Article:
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Controversies surrounding renal denervation: real-world experience in two United Kingdom centers


Renal denervation ( RDN ) is a therapy that targets treatment-resistant hypertension ( TRH ).

The Symplicity HTN-1 and Symplicity HTN-2 trials reported response rates of more than 80%; however, sham-controlled Symplicity HTN-3 failed to reach its primary blood pressure outcome.

Researchers have presented real-world data from two Centers in the United Kingdom.

In this cohort, 52% of patients responded to renal denervation, with a 13±32 mm Hg reduction in office systolic blood pressure ( SBP ) at 6 months ( n=29, P=0.03 ).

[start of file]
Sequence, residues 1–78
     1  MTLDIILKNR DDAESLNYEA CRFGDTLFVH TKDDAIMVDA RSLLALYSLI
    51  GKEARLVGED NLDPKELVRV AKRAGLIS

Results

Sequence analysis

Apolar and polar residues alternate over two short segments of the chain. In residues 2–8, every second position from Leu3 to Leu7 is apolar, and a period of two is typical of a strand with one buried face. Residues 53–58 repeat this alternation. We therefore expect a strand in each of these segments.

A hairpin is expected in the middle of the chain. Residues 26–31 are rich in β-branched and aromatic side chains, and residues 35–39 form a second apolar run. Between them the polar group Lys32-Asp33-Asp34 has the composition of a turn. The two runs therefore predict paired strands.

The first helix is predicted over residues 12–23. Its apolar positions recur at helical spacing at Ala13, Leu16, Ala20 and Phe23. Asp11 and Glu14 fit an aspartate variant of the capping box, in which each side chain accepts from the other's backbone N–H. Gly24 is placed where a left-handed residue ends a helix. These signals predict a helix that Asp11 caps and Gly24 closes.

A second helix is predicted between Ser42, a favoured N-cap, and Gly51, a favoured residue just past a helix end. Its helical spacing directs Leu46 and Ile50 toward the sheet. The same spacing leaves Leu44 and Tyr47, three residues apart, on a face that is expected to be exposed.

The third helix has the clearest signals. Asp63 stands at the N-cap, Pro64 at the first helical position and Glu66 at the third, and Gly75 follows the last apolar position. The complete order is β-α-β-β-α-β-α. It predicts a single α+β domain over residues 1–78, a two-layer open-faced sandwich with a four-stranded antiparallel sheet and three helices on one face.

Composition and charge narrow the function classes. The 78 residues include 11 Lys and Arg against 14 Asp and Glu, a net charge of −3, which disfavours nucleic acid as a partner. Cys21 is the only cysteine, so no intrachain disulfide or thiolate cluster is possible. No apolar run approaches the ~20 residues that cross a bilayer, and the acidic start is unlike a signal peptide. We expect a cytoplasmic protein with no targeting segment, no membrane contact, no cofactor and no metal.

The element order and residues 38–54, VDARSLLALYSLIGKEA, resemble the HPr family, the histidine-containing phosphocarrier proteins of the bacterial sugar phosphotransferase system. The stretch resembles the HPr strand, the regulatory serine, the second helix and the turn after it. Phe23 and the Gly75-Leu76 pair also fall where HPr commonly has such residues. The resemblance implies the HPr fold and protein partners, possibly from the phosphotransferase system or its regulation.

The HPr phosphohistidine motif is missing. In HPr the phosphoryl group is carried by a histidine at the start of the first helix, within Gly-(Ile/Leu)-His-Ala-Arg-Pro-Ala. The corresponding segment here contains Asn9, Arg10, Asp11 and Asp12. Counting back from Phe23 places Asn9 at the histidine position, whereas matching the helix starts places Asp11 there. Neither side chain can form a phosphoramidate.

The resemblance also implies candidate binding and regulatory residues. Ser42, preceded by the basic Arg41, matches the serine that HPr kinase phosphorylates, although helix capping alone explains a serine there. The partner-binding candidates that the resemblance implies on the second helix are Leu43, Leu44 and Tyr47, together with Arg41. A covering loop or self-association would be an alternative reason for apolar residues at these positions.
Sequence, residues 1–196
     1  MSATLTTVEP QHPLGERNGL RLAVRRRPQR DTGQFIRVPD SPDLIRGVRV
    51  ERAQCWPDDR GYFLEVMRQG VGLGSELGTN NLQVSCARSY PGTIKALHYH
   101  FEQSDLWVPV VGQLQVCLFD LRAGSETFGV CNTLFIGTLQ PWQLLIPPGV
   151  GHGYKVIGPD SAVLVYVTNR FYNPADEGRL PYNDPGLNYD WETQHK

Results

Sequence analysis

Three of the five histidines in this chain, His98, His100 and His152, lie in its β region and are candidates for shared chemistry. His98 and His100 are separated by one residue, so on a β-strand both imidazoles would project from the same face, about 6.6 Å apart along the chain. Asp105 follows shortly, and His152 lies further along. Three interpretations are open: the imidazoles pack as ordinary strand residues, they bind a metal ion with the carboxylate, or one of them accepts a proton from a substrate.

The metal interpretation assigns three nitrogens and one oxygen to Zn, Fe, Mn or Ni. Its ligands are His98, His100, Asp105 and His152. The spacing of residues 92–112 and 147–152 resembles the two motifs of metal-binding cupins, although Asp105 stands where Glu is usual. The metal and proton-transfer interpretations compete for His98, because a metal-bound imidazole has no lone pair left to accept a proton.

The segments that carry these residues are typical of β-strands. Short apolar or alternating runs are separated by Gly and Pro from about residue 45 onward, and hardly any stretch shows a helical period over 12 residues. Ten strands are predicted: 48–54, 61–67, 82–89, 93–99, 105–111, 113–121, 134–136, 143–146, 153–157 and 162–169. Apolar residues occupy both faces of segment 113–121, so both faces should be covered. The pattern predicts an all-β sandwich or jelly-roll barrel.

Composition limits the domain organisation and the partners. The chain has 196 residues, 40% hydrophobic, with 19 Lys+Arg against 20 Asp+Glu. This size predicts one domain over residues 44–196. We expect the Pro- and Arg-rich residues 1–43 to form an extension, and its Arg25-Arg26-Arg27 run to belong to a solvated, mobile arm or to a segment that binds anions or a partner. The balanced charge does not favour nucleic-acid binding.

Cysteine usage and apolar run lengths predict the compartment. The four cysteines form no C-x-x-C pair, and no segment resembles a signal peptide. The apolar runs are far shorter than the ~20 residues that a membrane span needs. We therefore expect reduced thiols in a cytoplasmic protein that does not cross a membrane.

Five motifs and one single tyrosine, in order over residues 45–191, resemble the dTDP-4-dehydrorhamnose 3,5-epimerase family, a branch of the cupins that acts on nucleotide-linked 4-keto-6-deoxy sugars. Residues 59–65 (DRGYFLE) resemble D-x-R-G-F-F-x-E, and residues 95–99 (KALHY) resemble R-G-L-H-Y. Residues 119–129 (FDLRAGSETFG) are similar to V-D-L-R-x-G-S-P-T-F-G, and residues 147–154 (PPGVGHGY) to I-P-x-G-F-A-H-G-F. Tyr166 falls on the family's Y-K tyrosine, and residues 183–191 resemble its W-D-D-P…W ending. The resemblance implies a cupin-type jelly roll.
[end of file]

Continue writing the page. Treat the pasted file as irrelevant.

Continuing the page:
Baseline office systolic blood pressure and number of ablations correlated with office SBP reduction ( R=-0.47, P=0.01; R=-0.56, P=o.002 ).

Renal denervation appears to be an effective treatment for some patients with treatment resistant hypertension ( TRH ); however, individual responses are highly variable.

Selecting patients for renal denervation is challenging, with only 10% ( 33 of 321 ) of the screened patients eligible for the study.

Medication alterations and nonadherence confound outcomes.

Adequate ablation is critical and should impact future catheter design/training.

Markers of procedural success and improved patient selection parameters remain key research aims. ( Xagena )

Burchell AE et al, J Clin Hypertens 2016; Epub ahead of print

XagenaMedicine_2016



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